Judi Mark

December 4, 2014 | By

Judi MarkIt must be ever harder for cabaret performers to come up with a fresh theme for a show. Once the tributes to single (and singular) artists and composers have seemingly been exhausted, where does one go? Perhaps too often it’s to the autobiographical look back at the performer’s own life and the songs that either influenced him or her, or expressed the way they felt about it then, or feel about it now. In the recent reprise of her show “Dancing Through Life” at the Laurie Beechman Theatre, Judi Mark, with big assists from musical director Hubert “Tex” Arnold and director Jeff Harnar, managed to move both tribute and memoir themes into new territory. As a dancer herself, rather than a singer, it seemed natural that she focused on stage and screen dancers she admired, and the songs they sang in stage and movie musicals. For the audience, it was truly something different.

Mark began with a welcome and welcoming medley of the two songs entitled “Shall We Dance?”—the first by George and Ira Gershwin from the 1937 movie of the same name; and the second, more familiar, by Rodgers and Hammerstein, from The King and I. “I see life as a dance,” she explained. “We’re all dancing, and I invite you to dance with me.” Mark’s tributees included Ginger Rogers, Ruby Keeler, Ann Miller, Gwen Verdon, Shirley MacLaine and Chita Rivera. Three familiar Cy Coleman/Dorothy Fields songs from Sweet Charity scattered through the show served to honor both Verdon and MacLaine: “Big Spender,” “Where Am I Going?” and “If My Friends Could See Me Now.” Songs such as “Forty-Second Street” (Harry Warren, Al Dubin) in tribute to Keeler gave Mark a chance to tap, while other numbers induced her to move gracefully around the small stage, and even to demonstrate her ballet moves. (She has also been a longtime teacher of dance.) As a singer, in general Mark fared better with upbeat numbers. Her “Chiquita Banana” (Garth Montgomery, Leonard Mackenzie, William Wirges) evoking Carmen Miranda, replete with towering fruit basket hat, was an all-out hoot.

While many of Mark’s selections, such as “Cheek to Cheek” (Irving Berlin from Top Hat) as a nod to Rogers, were nicely on the nose, a few seemed gratuitous. A pairing of “Single Ladies (Put a Ring on It)” (Beyoncé Knowles, Christopher Stewart, Terius Nash, Thaddis Harrell) and “Material Girl” (Peter Brown, Robert Rans) seemed more of an attempt to be at least Madonna-current. Neither song is best regarded for its dance moves. And at times it seemed as if the tone of Mark’s show was more about serving her own life story than it was about serving the music and lyrics of the composers and the dancing ladies who went before her. Tellingly, the big white screen at the back of the stage, which promised film and TV clips of the women being celebrated, were, instead, given over to still photos—a few in color of the honorees, but many more black-and-white pictures from Mark’s family photo album or her “wall” of pictures of herself with celebrities. The balance was off.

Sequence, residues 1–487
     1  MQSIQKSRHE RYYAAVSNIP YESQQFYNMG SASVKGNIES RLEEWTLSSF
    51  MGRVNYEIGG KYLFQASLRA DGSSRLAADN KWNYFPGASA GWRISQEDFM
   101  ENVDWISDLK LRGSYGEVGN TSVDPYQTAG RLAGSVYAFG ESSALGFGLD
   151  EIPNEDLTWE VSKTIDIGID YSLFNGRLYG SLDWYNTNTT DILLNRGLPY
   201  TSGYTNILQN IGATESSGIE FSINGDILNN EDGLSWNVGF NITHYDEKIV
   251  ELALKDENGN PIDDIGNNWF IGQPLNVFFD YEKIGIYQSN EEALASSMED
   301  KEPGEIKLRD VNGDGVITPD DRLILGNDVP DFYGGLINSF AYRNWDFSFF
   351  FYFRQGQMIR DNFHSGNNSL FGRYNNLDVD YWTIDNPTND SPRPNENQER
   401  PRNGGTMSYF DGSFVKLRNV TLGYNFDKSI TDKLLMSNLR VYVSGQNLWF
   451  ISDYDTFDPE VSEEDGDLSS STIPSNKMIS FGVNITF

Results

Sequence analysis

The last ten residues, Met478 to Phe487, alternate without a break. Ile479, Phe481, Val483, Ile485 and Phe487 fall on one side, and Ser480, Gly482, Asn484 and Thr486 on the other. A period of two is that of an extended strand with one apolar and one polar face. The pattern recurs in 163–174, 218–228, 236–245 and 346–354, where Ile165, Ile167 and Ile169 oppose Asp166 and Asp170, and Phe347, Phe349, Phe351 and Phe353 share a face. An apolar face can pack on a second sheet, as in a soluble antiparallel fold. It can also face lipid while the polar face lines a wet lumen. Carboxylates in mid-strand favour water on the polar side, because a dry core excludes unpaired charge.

“Dancing Through Life”
Laurie Beechman Theatre  –  October 26, November 18

Category: Reviews

About the Author ()

Robert Windeler is the author of 18 books, including biographies of Mary Pickford, Julie Andrews, Shirley Temple, and Burt Lancaster. As a West Coast correspondent for The New York Times and Time magazine, he covered movies, television and music, and he was an arts and entertainment critic for National Public Radio. He has contributed to a variety of other publications, including TV Guide, Architectural Digest, The Sondheim Review, and People, for which he wrote 35 cover stories. He is a graduate of Duke University in English literature and holds a masters in journalism from Columbia, where he studied critical writing with Judith Crist. He has been a theatre critic for Back Stage since 1999, writes reviews for BistroAwards.com, and is a member of The Players and the American Theatre Critics Association.

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